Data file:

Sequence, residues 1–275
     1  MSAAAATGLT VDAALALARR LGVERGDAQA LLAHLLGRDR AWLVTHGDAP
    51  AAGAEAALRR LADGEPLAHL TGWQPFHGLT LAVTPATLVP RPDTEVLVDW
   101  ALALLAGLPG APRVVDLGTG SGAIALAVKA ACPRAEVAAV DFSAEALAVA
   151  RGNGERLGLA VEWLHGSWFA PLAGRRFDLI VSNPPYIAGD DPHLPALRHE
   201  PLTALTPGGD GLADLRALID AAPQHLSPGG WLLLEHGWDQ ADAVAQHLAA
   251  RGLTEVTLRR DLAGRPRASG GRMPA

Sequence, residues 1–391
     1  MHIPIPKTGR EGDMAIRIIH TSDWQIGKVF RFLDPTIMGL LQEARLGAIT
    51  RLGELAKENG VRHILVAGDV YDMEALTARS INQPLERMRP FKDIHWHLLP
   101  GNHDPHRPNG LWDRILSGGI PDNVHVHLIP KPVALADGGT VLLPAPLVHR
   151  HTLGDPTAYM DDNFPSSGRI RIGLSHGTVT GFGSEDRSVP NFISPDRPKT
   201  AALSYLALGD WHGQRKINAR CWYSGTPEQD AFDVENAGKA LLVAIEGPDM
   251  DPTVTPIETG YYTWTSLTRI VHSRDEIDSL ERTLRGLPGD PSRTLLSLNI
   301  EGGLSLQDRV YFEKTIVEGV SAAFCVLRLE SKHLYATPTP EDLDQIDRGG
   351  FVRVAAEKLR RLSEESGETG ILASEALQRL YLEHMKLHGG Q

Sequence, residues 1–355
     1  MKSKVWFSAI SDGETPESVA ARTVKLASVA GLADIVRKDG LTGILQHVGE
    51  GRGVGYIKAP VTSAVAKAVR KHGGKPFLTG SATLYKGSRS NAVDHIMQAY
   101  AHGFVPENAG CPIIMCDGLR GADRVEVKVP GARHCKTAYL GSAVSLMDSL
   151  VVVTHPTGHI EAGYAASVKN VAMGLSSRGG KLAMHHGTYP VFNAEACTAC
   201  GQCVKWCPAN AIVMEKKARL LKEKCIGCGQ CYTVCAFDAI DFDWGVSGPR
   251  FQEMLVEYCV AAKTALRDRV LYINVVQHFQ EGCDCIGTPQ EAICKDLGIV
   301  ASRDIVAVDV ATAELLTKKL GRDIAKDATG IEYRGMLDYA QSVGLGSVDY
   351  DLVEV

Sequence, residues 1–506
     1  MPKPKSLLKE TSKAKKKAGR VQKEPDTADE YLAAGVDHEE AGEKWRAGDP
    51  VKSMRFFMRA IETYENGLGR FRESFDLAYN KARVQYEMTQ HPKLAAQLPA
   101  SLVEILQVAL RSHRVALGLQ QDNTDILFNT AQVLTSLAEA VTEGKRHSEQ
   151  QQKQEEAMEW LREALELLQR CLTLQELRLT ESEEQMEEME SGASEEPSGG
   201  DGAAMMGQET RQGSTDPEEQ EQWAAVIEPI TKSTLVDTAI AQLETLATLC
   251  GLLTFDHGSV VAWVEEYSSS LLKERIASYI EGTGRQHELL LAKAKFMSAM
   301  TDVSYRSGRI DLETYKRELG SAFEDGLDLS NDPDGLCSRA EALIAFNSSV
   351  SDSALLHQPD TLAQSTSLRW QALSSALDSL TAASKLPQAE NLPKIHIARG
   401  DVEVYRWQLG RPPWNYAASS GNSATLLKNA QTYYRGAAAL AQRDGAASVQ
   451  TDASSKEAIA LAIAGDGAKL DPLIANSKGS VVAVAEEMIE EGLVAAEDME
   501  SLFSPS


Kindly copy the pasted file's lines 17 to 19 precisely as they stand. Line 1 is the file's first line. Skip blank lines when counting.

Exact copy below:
Sequence, residues 1–355
     1  MKSKVWFSAI SDGETPESVA ARTVKLASVA GLADIVRKDG LTGILQHVGE
    51  GRGVGYIKAP VTSAVAKAVR KHGGKPFLTG SATLYKGSRS NAVDHIMQAY